What discussions were held together with TotalEnergies that led to Excellium Racing 100, a fully-sustainable biofuel, being introduced in 2022?

Since 2022, TotalEnergies has provided the first fully-sustainable biofuel to be used by all the cars competing in a major FIA championship. This fuel, sourced from the circular economy – and more specifically by recycling biomass residues from the French wine-making industry – meet the requirements of the FIA and the manufacturers as well as those of the European directive on renewable energies. Excellium Racing 100 epitomises the values upheld by TotalEnergies and the FIA WEC: using innovation in racing to drive the energy transition. Introducing this fuel has enabled the CO2 emissions of the prototypes and GT cars competing in the FIA WEC to be reduced by at least 65%.

You emphasize the importance of innovation, such as the work done with TotalEnergies on fuel or the project undertaken with the group on the future introduction of Hydrogen power at Le Mans. Is that also the key to the current success of Endurance racing? It is a perfect arena for manufacturers to test and promote their mobility solutions of the future?

Motorsport provides a unique research and development platform, enabling sustainable technologies to be introduced that will subsequently benefit motorists all around the world. Given the extreme demands of endurance racing, the FIA WEC is at the cutting edge of innovation. In terms of design, performance and safety, the FIA WEC provides the perfect setting for car manufacturers to implement their innovations. Our regulations offer great flexibility, aimed at showcasing hybrid technologies, developments in sustainable fuels and reductions in the carbon footprint of the vehicles. These technologies match the strategies of the manufacturers. That’s one of the reasons that the FIA WEC field is so big.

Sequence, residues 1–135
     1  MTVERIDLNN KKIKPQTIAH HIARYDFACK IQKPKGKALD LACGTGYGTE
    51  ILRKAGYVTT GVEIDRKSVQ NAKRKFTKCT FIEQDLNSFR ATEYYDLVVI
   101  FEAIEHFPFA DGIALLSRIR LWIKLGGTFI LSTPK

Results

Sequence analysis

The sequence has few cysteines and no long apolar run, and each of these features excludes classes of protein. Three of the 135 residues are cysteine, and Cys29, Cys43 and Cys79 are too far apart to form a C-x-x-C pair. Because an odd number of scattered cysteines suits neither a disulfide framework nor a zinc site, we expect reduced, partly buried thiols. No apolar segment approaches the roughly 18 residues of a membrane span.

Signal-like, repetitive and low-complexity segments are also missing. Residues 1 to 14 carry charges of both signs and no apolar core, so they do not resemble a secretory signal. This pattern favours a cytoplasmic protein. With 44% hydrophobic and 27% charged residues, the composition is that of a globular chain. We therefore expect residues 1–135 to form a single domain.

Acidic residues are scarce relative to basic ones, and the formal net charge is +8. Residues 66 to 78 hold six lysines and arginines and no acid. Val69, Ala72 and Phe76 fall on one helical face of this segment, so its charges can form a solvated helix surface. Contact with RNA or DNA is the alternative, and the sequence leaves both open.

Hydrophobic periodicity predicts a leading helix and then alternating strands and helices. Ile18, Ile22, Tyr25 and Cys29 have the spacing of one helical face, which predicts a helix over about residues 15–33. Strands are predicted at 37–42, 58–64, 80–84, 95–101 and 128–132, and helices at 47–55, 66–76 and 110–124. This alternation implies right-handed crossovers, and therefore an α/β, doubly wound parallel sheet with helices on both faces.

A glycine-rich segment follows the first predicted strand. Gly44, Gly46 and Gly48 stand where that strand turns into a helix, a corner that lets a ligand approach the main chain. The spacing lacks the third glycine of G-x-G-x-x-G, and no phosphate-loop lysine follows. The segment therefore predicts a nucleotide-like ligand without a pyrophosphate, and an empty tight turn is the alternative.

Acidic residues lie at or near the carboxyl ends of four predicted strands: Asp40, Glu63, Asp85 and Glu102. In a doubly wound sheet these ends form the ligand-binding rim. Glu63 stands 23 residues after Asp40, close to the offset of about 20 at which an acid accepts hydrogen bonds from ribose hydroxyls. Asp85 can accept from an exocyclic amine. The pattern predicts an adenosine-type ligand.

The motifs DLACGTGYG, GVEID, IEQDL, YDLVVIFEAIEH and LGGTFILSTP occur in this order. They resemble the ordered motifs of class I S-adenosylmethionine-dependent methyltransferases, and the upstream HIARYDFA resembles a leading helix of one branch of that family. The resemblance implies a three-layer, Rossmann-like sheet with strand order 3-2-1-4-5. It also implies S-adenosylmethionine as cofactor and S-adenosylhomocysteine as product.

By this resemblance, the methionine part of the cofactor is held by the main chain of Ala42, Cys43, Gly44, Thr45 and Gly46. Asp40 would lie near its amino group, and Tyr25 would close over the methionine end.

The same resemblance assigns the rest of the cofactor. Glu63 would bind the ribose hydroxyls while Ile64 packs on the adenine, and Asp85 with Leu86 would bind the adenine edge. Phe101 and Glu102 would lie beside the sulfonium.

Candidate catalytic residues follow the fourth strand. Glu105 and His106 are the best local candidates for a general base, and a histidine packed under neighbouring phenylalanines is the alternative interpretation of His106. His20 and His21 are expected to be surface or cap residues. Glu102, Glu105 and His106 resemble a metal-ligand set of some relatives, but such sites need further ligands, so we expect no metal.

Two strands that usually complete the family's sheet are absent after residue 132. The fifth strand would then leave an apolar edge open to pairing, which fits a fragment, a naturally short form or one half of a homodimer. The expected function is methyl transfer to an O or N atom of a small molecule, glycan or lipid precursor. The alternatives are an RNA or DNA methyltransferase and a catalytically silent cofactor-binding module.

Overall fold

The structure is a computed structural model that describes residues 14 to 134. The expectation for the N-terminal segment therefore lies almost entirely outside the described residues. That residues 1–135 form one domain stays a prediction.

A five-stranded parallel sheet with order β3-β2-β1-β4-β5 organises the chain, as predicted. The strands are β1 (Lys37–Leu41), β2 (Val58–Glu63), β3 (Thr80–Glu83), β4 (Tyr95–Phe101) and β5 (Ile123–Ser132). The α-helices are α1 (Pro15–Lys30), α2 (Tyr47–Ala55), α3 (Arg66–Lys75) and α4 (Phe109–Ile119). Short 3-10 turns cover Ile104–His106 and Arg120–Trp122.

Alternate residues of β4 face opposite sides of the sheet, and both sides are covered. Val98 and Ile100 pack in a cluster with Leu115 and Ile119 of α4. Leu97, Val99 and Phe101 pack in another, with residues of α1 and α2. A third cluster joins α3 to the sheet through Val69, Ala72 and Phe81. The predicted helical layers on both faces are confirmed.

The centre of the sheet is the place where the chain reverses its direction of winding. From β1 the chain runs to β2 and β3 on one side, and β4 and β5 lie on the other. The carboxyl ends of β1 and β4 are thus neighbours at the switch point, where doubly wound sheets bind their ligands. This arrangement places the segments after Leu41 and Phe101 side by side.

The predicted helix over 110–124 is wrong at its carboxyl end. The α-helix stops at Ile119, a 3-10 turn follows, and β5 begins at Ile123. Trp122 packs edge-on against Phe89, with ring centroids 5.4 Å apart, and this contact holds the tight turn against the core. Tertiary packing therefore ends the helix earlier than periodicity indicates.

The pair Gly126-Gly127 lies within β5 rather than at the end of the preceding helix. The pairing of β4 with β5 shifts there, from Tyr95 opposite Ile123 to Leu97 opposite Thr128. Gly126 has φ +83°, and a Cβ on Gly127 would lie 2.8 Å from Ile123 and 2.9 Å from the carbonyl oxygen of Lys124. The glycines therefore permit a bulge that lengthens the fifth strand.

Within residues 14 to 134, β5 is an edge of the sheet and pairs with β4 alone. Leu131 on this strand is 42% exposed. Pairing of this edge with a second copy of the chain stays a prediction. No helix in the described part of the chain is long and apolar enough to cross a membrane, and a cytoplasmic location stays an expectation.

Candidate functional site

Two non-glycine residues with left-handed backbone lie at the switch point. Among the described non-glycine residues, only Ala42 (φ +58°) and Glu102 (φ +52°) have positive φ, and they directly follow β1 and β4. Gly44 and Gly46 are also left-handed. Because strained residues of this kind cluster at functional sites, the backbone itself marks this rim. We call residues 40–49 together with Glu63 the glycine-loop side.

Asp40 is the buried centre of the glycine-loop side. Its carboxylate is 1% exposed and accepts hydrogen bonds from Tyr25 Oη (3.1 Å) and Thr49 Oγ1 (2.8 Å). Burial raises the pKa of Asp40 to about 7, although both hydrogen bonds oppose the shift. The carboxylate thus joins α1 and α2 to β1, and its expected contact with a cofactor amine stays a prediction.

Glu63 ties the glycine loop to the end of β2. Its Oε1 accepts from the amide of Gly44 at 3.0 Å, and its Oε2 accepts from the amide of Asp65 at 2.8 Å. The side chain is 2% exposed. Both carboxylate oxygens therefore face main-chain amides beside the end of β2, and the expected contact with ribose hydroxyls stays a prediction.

What things are being considered for the future to ensure Endurance racing continues to be successful?

As you mentioned, hydrogen power is the next step towards decarbonised racing. The time has come to show that controlled, reliable and high-performance hydrogen technology provides a real alternative to fossil fuels, and can do so without any CO2 emissions. Hydrogen technology has been chosen to be used in the very near future in the FIA WEC and its flagship race, the 24 Hours of Le Mans, through the Mission H24 programme and a dedicated class.

This year sees Qatar added as a venue to the race calendar, hosting the Prologue this month followed by the opening race. It will be the second longest event of the season after Le Mans and conditions are expected to be very hot. Was it a deliberate move to start the year with such a big challenge?

Both in terms of its race track and infrastructure, the Lusail International Circuit meets all the requirements of elite motorsport. The renovation work done in Lusail has made it one of the most prestigious race tracks in the world. It therefore made sense for Qatar to join the FIA WEC calendar. Promoting motorsport and the FIA WEC in new markets will be beneficial both for racing fans and car manufacturers.

The calendar now features eight races. Do you see that evolving in the future?

I think it’s all about balance. The race calendar aims to satisfy the overall interests of the championship, as well as those of the partners, the manufacturers, the teams and the fans. In order to come up with the best possible calendar, we have to find the right balance between including iconic race tracks and adding new locations. With races being held this year at Imola and Qatar, and the highly-anticipated return of the championship to Interlagos and Austin, the 2024 calendar of the FIA WEC meets this requirement perfectly.